It's no secret that fear of intimacy is mostly a men's issue.
Deep emotional intimacy and being able to apply advanced relationship principles is about sharing openly what you really think, believe, and feel with the woman you love. It's about opening up your heart and mind with her. It's about being yourself and revealing the true you to your partner.
When you fear intimacy you have a guarded behavior that sabotages your relationships.
You might not realize, but the fear of intimacy in results in loneliness - both for you and for your partner.
As anyone who've experienced loneliness will tell you, being alone in a relationship is much more painful than being alone as a single person or a widower.
Where is this fear of opening up coming from?
To a great extent, you might be hesitant to reveal your true self because you've been hurt in the past.
Hurt, you ask?
Yes, emotionally hurt. Believe it or not, fear of intimacy comes from having been judged, rejected, betrayed, criticized, or emotionally abandoned during childhood by your parents or others closest to you.
Moreover, if you have received love and attention conditioned on your behavior, then fear, guilt, and shame caused you to close down to those around you.
These negative feelings, which you pushed down and put a lid on as a child to protect yourself, now play out - making you afraid (unconsciously) to get hurt again.
As a result, you may have a hard time opening up and may experience a strong fear of intimacy with the woman you love.
And there's more.
If during your early years you've been taught that keeping up appearances and worrying about "what others might think" was more important than your own feelings, then 'wearing masks', 'playing games' and keeping secrets might have become second nature.
These might have become your habitual way of relating to others, which not only hurts them deeply, but continually erode their trust in you.
...the ego's automatic defense system that wants to protect you from being abandoned, betrayed, or rejected the way you've once been.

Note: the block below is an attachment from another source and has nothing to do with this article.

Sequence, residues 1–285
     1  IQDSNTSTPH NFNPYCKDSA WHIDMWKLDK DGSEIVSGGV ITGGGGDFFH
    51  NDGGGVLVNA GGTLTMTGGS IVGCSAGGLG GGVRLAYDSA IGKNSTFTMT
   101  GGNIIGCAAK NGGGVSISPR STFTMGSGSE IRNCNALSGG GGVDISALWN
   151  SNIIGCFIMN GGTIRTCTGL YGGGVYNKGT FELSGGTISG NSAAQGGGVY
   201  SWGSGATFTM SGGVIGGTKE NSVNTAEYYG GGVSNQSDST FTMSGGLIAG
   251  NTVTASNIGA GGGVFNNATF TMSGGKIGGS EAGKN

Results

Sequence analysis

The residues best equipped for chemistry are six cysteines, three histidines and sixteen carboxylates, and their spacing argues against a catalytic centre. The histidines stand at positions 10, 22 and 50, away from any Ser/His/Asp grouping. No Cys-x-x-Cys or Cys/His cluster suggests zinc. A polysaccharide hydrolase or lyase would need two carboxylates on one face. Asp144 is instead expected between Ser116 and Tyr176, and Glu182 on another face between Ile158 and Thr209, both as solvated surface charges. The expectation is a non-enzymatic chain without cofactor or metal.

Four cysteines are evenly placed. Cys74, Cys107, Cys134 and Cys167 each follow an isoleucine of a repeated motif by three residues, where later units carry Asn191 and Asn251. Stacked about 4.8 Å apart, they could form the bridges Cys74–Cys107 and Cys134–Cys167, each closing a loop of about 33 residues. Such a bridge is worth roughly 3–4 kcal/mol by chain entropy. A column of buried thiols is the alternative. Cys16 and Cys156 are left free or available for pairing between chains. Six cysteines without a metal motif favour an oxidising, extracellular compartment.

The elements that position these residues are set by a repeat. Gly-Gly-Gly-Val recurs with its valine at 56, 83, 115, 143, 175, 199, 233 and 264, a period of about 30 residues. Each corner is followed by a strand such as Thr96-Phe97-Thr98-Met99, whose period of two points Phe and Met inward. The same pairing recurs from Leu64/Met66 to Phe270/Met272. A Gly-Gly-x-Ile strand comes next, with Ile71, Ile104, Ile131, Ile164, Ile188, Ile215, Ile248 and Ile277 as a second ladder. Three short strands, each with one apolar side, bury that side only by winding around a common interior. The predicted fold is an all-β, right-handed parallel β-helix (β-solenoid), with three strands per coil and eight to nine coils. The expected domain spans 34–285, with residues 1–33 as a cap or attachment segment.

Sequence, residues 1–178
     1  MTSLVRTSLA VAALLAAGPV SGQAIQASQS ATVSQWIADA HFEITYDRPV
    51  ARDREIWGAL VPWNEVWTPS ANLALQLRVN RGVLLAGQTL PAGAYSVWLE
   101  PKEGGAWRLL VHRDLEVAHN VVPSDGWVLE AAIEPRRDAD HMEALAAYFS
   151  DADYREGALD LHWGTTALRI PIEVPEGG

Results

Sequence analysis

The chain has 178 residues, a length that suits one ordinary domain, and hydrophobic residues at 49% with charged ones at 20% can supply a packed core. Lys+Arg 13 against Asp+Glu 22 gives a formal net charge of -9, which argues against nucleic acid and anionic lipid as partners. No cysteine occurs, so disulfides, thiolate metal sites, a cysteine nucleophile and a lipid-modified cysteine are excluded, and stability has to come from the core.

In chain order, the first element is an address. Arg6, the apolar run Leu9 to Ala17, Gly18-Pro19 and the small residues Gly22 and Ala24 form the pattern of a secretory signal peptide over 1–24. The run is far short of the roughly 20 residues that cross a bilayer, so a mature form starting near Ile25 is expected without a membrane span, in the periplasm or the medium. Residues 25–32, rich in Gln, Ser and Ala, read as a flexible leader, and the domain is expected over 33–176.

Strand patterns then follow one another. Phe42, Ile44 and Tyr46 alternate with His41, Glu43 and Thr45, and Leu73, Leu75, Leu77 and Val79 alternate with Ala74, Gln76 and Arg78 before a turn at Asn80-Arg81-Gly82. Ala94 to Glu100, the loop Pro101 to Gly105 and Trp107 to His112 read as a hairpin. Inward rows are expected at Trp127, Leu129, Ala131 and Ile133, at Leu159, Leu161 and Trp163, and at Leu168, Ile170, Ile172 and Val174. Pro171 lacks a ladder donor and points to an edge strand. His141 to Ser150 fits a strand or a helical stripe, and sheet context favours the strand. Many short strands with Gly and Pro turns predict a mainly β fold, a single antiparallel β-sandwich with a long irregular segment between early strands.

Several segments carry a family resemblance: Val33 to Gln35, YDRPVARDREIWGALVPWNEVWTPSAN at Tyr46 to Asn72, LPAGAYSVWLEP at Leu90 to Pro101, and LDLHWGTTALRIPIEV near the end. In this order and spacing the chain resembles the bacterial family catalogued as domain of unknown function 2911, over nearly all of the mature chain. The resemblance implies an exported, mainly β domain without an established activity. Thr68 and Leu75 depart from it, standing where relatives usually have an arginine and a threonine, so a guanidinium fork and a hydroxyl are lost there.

But as long as you are now reacting (unconsciously) from your childhood emotional wounds, you keep repeating the same old patterns. Hiding behind emotional walls as an adult, keeps setting yourself up to be abandoned, betrayed or rejected all over again.
So instead of hiding behind a wall of emotional numbness, step out and reveal yourself to your partner! Yes, you'll feel vulnerable and afraid at first, but there's no getting around that if you want to experience a blissful relationship.
...can improve significantly all your relationships and bring much more meaning to your life. But how do you actually do it?
Try this simple, but effective approach:
And there's another way:
...by allowing yourself to feel vulnerable enough to talk with the woman you love about what's going on in your life and how you really feel about it.
Open your heart with her and practice self-disclosure on a regular basis. Use practical questions for couples to help you reveal what's important to you in a natural, pressure-free way.
What's in it for you? You'll deepen her trust in you, which will increase your physical intimacy beyond what you've ever experienced before.
Sharing your discomforts and worries with your sweetheart makes the negative feelings dissipate and your fear of intimacy gradually disappear.
Barbara De Angelis, the 'relationships guru', has written a brilliant and hopeful book on this subject: "How Did I Get Here?". As Deepak Chopra puts it: "this book is essential reading for anyone on a path to truth. Reading it will inspire you, heal you and awaken you."
Whether you've read all the self-help classics, or have never read one, do not miss this illuminating book!
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"Women marry men hoping they will change.
Men marry women hoping they will not.
So each is inevitably disappointed."